This is especially in evidence of how the demo was received.  More on that later.

And its those serious rethinks that can seriously undermine morale, the fact that the team soldiered on for so long trying to turn Mr Broussard's vision into a playable and complete game is a sign of true dedication that should be highly appreciated.

Upon the ceasing of development, I do remember reading some fans comments about how angry they were at Mr Broussard for "failing", yes he did fail and nobody can deny that.  But he did lead the team to the point that they were almost there, and only asked for a hand out when he absolutely needed it and was denied.  The fact that, after 3D Realms ceased production on DNF that former employees continued to work on the game in their spare time only to be picked up by Mr Pitchford months later, and is now but hours away from being received at my front door (and as aforementioned, rolling out on Steam internationally as I type this), is proof-positive that Mr Broussard was right in that DNF needed only but another year of development.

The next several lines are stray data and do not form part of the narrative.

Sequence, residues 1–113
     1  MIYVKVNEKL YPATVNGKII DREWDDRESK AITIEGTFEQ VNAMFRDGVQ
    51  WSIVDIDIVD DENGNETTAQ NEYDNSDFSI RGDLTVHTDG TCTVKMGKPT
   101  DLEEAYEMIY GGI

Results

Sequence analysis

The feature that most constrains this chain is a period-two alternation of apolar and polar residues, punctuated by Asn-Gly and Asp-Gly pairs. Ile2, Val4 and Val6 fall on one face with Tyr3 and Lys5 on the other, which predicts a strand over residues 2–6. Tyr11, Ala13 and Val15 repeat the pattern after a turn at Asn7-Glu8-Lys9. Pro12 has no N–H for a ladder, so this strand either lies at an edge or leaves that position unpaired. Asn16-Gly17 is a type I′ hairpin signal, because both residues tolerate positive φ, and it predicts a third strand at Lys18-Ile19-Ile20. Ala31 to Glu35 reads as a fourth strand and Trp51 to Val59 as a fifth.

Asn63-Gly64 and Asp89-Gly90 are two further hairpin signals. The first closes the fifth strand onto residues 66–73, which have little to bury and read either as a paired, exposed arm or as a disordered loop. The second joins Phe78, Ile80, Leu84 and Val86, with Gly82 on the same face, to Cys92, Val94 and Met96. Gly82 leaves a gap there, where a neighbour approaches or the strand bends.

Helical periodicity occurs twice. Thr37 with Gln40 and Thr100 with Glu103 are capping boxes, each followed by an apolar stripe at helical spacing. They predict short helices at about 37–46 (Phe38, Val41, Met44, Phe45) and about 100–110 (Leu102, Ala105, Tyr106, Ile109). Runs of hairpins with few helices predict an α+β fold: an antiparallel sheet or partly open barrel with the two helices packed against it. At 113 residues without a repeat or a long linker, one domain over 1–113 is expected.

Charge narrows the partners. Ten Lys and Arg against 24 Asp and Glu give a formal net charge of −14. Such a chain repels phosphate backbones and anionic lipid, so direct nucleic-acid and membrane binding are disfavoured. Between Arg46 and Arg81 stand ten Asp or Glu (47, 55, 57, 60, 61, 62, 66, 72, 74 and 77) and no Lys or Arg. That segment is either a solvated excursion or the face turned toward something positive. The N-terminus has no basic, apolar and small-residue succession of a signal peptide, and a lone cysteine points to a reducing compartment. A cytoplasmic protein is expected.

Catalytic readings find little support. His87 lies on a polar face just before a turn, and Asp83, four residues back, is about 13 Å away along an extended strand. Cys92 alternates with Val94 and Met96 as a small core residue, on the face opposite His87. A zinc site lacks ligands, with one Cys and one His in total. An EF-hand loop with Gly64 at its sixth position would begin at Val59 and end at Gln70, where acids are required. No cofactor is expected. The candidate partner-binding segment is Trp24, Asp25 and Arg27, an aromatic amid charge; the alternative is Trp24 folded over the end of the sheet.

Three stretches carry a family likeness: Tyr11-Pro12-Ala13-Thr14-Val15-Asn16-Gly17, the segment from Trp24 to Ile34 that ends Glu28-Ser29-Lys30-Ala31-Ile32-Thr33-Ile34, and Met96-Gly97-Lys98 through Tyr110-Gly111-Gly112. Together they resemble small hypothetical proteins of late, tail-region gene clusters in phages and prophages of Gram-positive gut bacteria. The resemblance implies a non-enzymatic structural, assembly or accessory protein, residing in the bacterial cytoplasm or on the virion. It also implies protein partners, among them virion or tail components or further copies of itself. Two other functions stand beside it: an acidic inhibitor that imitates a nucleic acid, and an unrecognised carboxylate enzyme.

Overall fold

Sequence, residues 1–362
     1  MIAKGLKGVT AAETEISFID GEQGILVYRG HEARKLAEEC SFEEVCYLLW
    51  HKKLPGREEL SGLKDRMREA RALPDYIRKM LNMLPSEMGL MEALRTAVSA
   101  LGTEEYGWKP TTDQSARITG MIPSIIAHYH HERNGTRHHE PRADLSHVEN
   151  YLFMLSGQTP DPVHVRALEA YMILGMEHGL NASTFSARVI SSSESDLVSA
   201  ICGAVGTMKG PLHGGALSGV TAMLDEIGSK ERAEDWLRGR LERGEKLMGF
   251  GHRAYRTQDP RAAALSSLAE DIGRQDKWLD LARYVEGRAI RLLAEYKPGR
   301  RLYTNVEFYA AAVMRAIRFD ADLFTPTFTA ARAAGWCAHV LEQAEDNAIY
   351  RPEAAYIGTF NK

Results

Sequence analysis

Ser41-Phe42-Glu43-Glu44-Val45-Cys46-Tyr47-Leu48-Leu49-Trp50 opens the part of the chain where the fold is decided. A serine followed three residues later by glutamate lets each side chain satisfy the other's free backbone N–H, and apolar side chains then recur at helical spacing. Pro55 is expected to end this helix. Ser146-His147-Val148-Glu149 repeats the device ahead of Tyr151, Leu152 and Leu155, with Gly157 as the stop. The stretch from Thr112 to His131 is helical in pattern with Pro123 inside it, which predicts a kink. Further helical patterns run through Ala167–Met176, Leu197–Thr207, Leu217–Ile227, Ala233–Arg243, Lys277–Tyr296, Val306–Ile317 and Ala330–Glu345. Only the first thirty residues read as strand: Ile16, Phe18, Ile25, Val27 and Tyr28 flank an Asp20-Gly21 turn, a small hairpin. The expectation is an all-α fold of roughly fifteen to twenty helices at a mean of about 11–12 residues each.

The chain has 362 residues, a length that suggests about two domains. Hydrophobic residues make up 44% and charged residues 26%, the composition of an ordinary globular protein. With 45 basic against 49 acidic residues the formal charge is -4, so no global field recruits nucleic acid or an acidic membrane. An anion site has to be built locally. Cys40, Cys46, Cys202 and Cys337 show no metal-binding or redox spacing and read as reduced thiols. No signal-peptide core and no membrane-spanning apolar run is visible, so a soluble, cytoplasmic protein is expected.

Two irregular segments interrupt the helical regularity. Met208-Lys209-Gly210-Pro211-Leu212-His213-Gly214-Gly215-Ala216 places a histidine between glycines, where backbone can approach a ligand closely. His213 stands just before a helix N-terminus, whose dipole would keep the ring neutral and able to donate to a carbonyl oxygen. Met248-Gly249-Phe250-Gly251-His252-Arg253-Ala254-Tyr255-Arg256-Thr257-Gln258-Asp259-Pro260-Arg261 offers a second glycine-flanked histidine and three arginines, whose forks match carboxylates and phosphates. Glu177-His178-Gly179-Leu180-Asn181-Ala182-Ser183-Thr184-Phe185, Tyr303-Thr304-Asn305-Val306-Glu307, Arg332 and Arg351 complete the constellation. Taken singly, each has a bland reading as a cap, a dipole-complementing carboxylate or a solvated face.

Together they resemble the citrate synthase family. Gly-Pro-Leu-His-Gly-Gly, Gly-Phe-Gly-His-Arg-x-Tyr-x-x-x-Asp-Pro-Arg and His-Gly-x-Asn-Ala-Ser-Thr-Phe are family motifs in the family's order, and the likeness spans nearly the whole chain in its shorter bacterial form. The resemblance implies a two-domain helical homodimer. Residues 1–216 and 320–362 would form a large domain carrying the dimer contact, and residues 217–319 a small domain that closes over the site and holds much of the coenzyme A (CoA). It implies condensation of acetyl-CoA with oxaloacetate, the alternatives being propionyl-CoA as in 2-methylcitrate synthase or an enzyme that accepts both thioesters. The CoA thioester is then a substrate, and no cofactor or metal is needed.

Before I go any further, I am aware that it has been two years since the announcement, I am basing the extra year of delay due to the lawsuit and the major reduction in the number of people actively working on DNF during that indeterminate time.

As usual, however, there are the complainers that the graphics aren't good enough for - and I quote - "a 2011 game".  And if there are any still in doubt as to why 3D Realms restarted development several times, there is your answer right there.